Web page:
That’s it for the moment; I’ll cover off ‘Wilson’ and ‘Lint’ another time, hopefully later this week.

Image copyright Pantheon Press.

Thursday, January 6, 2011

Game Review - Donkey Kong Country Returns

The two-player co-operative mode on ‘Donkey Kong Country Returns’ is a microcosm of any co-dependent relationship: you need to co-ordinate your efforts, use each other’s strengths to progress, know when to let the other monkey forge ahead and when not to leave the other monkey behind, and be careful not to free-ride too much on the larger monkey’s back. My wife and I have made our way across the beach, through the cave, along the forest, and on to the cliff, each of us alternating between Donkey Kong and Diddy Kong (aka the Didmeister), and it has done more to strengthen our video gaming co-existence than any game this side of ‘Rock Band’. Perhaps more so, given that DKCR also has a greater variety of situations than any game this side of ‘Super Mario Galaxy’; we’ve learned that I seem to have an advantage in swinging from vines, while my wife has an advantage in jumping around in mine carts and finding secret stashes of bananas. Alas, the dodgy controls that plagued DK ‘Jungle Beat’ are also evident here at times: you don’t always jump when you think you’ve jumped (or not as high), or duck when you think you’ve ducked. There is also a tendency for “spontaneous primate disappearance”, where you can’t work out where your chosen monkey is amongst the jungle backdrop and the little shits that are out to kill you. Never mind, it’s still fun enough for you to get past these frustrations and save the poor possessed beasts. Although perhaps it’s best not to tell people how much monkey business is going on in your household.

Image copyright Nintendo

Sunday, January 2, 2011

Gig Review – Public Enemy – Corner Hotel, Richmond – Dec 29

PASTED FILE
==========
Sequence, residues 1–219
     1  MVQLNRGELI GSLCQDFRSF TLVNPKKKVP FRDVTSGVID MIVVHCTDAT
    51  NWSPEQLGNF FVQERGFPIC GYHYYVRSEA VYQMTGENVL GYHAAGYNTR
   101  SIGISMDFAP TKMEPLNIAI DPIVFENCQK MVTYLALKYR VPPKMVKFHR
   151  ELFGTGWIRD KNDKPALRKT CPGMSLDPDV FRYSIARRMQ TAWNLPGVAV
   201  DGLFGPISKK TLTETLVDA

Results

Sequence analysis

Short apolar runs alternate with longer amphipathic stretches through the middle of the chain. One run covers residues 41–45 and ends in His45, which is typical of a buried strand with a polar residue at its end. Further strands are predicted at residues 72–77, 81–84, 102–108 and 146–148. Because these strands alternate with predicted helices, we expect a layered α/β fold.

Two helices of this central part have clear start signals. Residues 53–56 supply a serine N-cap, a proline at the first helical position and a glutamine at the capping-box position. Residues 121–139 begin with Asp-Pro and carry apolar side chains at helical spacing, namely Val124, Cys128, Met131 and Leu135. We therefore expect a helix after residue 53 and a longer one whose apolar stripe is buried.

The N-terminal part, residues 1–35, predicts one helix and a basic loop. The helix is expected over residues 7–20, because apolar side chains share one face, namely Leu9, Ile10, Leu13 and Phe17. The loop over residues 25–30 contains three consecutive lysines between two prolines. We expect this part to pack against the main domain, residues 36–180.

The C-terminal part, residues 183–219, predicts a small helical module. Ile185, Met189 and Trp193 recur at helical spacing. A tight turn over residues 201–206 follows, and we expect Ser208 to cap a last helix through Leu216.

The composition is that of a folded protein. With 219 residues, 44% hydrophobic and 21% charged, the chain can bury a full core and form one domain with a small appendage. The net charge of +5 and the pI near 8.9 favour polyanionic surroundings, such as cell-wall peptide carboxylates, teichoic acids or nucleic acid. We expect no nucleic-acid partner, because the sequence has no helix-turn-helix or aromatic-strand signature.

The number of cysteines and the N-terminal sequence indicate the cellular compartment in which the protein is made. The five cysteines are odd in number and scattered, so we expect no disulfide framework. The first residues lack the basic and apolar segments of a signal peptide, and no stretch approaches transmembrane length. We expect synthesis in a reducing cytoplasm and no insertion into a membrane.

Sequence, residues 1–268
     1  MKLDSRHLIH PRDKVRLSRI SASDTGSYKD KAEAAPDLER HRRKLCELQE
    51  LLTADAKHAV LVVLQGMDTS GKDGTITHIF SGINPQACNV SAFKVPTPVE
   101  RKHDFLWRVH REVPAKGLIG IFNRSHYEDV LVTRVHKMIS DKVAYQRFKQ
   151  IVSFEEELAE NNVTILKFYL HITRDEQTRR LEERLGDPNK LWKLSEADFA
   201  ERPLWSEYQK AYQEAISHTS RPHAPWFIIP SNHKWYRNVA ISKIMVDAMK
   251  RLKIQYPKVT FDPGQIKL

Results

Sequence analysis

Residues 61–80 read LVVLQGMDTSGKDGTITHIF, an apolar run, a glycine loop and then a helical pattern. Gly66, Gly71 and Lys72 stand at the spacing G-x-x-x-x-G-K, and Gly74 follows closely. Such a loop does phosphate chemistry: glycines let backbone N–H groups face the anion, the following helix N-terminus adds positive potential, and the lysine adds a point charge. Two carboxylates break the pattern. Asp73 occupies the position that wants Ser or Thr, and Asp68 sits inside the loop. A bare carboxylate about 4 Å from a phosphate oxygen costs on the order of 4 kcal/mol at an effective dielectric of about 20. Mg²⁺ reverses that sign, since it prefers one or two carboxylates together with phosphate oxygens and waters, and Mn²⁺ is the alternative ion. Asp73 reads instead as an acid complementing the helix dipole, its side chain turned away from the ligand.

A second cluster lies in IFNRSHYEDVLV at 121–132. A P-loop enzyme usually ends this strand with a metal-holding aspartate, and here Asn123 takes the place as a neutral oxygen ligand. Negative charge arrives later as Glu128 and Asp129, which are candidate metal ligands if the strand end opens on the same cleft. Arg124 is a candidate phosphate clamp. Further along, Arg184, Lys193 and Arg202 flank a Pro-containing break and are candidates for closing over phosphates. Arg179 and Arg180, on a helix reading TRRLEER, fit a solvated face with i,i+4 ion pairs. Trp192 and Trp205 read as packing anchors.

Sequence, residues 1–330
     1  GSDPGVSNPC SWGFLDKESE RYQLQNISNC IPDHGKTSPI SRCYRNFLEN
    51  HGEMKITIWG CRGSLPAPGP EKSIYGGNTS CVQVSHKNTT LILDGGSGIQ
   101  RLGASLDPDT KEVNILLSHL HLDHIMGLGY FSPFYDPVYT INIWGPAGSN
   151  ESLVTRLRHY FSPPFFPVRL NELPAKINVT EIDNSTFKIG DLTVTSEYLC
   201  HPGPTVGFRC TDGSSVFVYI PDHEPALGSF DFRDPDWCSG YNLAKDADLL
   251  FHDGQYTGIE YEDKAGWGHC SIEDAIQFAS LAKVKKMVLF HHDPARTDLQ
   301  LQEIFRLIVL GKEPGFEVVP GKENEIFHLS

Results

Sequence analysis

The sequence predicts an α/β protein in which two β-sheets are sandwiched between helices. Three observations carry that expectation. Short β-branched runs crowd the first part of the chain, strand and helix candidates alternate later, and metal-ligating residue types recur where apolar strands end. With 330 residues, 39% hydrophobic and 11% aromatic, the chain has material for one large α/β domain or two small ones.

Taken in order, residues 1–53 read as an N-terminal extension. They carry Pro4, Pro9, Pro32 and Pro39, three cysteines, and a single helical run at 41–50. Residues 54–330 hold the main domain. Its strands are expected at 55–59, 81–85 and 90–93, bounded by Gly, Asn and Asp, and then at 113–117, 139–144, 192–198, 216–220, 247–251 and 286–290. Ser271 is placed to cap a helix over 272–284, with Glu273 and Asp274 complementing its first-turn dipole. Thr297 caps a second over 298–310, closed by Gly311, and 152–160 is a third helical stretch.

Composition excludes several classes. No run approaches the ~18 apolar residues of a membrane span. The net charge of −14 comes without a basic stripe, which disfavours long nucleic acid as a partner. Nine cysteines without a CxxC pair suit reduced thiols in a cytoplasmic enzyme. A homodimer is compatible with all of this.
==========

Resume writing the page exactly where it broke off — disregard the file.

The ticket claimed that Public Enemy would be performing their famous album, ‘Fear of a Black Planet’. However, after just six tracks in PE announced they would be interspersing their set with tracks from their other famous album, ‘It Takes a Nation of Millions to Hold us Back’… except two or three more tracks in that plan was jettisoned as well. Instead PE went on for almost an hour past their scheduled finishing time with a marathon mix of greatest hits, new cuts, blues covers, guest MCs, two-man banter… and the band suggested that, if it wasn’t for a council curfew, they would have gone on for even longer than that. It was somewhat of a contrast from their heyday, when Chuck D’s tight, booming lyrical flow made the group seem like a major musical and political force to be reckoned with. Indeed, it seemed like Chuck’s position as the leader of the group has been usurped by his ‘sidekick’, Flava Flav, who has kept himself in remarkable shape, both physically and vocally. And the show itself seemed to reflect Flav’s on-stage persona: loose, rambling, a little nonsensical, politically conscious but not quite on the same cerebral level as what the PE of old brought to hip-hop. Tellingly it was Flav who delivered the final message of the night about how regardless of colour we are all part of the human race, which was certainly consistent with PE’s past messages of racial tolerance, but lacking a little in terms of the anger and eloquence about racial tensions in America that fuelled PE’s best work. Of course, the social landscape in the US has changed considerably over the past couple of decades – even before Obama’s ascent – and it may not necessarily be a bad thing that the group can nowadays kick back a little and have some fun. But you kind of wish that they had a new cause to put their fists behind – whatever, it was still cool to see one of the most important acts in hip-hop history. Fight the powers that be, then…